CASH: So, we continued monitoring the other states after they started. Everybody but us signed an MOU, a memorandum of understanding between the states. Because at this time, the federal government was not stepping up. This was in the George W. Bush years, there wasn't a lot of activity on climate change. And as Governor Pataki noted, in his invitation letter, if you can't do this federally, regionally is much better, right. The larger the region, that market I described, works much better and lowers prices much better. And, uhm, so we waited and waited and, and then Governor Patrick was elected, I was lucky enough to make it through the transition and be bumped up to be Assistant Secretary for Policy in what became the new Executive Office of Energy and Environmental Affairs with the idea that how could you regulate and have policies about energy and not have environment at the table and vice versa, right. And so we fully briefed him on all of the data, all of the models, all of the outputs from the whole RGGI process. And of course, he was interested in emissions, he was interested in health impacts, and he was interested in bill impacts. And we had the data that showed, as I described, with the auctioning and the reinvesting of that, those funds into energy efficiency, where we're going to lower bills. So, on day seven of his administration, he announced that he was joining and in fact, he did it on this campus at UMass Boston. It was quite remarkable.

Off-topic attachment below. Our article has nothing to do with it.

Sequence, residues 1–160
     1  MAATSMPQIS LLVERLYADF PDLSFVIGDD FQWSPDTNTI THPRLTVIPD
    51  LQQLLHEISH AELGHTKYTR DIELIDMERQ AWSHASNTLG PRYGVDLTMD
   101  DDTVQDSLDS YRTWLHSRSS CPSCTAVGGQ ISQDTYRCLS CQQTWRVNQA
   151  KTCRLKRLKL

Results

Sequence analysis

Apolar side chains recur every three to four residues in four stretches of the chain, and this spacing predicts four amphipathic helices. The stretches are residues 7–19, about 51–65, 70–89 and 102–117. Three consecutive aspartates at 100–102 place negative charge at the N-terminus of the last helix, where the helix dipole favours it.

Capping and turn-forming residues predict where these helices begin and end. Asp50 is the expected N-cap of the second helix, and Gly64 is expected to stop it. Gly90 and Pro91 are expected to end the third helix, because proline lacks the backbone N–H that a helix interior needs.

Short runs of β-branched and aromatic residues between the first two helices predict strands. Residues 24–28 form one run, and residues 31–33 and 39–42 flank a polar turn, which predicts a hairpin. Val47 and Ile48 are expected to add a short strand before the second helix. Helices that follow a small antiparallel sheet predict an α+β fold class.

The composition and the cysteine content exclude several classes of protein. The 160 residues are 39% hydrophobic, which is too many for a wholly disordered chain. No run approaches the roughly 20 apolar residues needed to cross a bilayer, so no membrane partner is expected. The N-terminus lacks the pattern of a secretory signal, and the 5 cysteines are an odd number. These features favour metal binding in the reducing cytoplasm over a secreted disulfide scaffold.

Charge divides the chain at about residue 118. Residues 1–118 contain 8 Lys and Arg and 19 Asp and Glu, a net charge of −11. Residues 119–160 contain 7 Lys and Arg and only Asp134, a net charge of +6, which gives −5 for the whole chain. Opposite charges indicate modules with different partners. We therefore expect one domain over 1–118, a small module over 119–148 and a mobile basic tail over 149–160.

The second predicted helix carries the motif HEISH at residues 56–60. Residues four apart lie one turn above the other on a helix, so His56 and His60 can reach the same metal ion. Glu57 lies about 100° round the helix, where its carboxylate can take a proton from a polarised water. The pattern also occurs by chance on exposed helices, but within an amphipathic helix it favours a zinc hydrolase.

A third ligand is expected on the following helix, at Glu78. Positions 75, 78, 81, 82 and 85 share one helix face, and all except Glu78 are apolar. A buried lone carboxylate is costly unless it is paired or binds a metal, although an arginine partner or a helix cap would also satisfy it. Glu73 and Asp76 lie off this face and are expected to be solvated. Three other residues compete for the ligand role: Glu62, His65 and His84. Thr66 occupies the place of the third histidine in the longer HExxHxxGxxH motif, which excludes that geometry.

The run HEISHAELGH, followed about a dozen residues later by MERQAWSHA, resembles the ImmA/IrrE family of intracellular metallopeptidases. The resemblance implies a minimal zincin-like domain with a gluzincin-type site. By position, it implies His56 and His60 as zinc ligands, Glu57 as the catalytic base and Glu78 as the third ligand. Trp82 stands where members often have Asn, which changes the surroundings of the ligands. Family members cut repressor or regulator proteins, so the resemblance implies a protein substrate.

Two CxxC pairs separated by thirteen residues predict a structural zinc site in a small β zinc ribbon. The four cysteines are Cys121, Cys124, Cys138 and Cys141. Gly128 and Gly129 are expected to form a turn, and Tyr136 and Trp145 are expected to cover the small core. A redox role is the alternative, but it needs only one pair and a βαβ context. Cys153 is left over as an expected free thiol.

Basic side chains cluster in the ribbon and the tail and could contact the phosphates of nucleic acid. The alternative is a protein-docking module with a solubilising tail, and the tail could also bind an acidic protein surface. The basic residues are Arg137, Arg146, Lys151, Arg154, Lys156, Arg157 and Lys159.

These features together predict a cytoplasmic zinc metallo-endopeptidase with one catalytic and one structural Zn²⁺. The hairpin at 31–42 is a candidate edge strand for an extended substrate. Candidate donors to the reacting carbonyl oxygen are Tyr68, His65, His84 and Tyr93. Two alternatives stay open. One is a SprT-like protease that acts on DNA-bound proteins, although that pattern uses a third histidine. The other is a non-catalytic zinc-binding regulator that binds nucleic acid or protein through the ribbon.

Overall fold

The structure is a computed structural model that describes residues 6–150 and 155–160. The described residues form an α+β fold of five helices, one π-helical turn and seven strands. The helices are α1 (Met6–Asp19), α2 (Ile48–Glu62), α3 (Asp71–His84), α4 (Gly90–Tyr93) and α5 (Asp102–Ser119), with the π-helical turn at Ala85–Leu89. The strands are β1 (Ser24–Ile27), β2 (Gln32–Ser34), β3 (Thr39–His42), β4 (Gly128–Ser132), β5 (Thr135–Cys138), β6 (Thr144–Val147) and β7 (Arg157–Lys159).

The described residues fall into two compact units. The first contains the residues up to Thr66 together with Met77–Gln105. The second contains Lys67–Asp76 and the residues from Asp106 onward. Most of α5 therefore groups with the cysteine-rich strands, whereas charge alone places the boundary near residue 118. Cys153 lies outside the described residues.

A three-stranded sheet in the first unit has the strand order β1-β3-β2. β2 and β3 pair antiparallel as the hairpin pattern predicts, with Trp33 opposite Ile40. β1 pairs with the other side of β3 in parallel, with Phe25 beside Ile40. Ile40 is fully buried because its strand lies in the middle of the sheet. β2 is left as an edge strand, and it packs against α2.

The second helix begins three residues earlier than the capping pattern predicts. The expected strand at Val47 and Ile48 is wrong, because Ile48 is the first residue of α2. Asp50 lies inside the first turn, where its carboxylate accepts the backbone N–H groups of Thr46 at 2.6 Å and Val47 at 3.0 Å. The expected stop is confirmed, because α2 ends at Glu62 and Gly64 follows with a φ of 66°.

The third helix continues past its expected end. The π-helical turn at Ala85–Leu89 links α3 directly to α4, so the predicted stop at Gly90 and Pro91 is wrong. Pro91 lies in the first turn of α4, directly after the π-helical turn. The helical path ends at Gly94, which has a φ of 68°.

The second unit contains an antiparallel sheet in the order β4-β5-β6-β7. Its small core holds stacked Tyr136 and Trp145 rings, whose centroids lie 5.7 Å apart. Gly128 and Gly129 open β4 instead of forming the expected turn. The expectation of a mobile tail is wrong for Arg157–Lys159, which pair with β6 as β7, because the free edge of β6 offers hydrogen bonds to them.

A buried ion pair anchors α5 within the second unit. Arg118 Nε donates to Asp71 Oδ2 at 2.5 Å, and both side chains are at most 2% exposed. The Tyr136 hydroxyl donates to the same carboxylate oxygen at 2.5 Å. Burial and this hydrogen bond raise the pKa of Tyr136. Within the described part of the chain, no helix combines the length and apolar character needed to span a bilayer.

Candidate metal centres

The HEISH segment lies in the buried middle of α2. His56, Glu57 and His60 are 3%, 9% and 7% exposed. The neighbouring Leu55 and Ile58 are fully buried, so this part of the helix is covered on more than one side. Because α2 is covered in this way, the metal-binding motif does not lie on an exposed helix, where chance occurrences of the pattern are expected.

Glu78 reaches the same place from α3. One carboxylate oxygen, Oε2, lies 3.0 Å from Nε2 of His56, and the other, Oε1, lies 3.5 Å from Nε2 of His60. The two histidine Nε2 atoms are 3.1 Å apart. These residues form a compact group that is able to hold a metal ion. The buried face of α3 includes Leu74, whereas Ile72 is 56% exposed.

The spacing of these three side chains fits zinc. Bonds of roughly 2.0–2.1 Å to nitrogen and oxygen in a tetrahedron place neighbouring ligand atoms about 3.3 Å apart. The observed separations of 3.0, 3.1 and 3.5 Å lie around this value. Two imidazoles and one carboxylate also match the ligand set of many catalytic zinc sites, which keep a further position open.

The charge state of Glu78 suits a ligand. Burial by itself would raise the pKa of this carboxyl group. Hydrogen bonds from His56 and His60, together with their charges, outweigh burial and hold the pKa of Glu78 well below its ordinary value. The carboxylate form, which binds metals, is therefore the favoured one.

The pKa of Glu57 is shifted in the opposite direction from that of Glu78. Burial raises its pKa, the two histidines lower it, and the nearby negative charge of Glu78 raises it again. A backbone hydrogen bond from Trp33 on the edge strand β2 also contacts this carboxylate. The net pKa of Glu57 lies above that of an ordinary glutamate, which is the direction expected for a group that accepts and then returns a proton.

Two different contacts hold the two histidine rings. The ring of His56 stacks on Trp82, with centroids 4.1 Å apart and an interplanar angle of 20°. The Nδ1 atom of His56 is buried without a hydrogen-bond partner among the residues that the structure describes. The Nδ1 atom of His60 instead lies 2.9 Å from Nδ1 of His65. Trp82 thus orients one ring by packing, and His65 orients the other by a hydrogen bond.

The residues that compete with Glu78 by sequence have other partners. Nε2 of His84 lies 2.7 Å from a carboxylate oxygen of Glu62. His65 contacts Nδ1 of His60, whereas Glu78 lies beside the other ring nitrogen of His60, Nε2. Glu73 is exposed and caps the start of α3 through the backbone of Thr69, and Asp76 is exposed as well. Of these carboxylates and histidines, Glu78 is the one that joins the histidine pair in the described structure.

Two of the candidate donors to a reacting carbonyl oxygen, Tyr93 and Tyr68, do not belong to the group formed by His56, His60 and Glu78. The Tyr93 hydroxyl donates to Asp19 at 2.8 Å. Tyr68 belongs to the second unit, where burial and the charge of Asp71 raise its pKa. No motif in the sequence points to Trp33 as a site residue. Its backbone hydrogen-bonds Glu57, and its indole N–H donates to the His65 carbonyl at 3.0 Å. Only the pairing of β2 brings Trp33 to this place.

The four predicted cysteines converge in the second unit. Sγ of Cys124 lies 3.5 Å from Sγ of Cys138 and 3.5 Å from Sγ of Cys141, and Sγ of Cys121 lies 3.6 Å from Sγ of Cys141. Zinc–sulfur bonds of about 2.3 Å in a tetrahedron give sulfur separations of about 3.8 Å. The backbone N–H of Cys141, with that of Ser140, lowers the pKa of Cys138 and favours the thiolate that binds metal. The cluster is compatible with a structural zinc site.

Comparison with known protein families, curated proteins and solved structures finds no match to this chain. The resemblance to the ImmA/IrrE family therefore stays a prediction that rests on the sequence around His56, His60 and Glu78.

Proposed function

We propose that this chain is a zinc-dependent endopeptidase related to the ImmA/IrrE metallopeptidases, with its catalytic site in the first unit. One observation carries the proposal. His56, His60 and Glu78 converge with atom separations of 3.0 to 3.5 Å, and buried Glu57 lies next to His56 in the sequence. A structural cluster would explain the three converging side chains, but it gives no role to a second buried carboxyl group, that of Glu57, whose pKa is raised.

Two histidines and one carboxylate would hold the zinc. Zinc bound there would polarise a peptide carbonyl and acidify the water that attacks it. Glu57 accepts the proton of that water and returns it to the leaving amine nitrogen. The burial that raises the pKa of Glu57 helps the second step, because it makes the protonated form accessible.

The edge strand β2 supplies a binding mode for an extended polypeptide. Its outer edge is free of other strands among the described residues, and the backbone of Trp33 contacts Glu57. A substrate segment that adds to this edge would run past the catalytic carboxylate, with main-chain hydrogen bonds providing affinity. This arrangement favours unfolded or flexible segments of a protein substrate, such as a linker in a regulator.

CURWOOD: Now, David, the RGGI program itself, the Regional Greenhouse Gas Initiative, is, well, it's pretty invisible...
CASH: Mm, it is.
CURWOOD: ...to people on the street. Somebody who pays money to electric utility, for example. What does it mean for people, though, in their day to day life?